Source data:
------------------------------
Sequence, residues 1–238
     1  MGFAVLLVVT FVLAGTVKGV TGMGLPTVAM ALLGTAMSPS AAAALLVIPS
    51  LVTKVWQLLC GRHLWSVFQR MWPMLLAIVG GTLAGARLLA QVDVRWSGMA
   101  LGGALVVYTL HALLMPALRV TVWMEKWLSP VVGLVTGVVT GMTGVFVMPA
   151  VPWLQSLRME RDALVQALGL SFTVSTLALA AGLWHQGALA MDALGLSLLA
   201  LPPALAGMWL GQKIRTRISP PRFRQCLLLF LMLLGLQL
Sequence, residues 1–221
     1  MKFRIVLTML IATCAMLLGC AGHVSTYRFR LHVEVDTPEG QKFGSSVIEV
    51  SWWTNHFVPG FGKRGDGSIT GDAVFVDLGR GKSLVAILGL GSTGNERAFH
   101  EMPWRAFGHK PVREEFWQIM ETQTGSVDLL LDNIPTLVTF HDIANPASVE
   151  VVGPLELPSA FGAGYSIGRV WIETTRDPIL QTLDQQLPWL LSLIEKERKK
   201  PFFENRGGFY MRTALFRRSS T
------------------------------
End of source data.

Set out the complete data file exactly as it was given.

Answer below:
Sequence, residues 1–238
     1  MGFAVLLVVT FVLAGTVKGV TGMGLPTVAM ALLGTAMSPS AAAALLVIPS
    51  LVTKVWQLLC GRHLWSVFQR MWPMLLAIVG GTLAGARLLA QVDVRWSGMA
   101  LGGALVVYTL HALLMPALRV TVWMEKWLSP VVGLVTGVVT GMTGVFVMPA
   151  VPWLQSLRME RDALVQALGL SFTVSTLALA AGLWHQGALA MDALGLSLLA
   201  LPPALAGMWL GQKIRTRISP PRFRQCLLLF LMLLGLQL
Sequence, residues 1–221
     1  MKFRIVLTML IATCAMLLGC AGHVSTYRFR LHVEVDTPEG QKFGSSVIEV
    51  SWWTNHFVPG FGKRGDGSIT GDAVFVDLGR GKSLVAILGL GSTGNERAFH
   101  EMPWRAFGHK PVREEFWQIM ETQTGSVDLL LDNIPTLVTF HDIANPASVE
   151  VVGPLELPSA FGAGYSIGRV WIETTRDPIL QTLDQQLPWL LSLIEKERKK
   201  PFFENRGGFY MRTALFRRSS T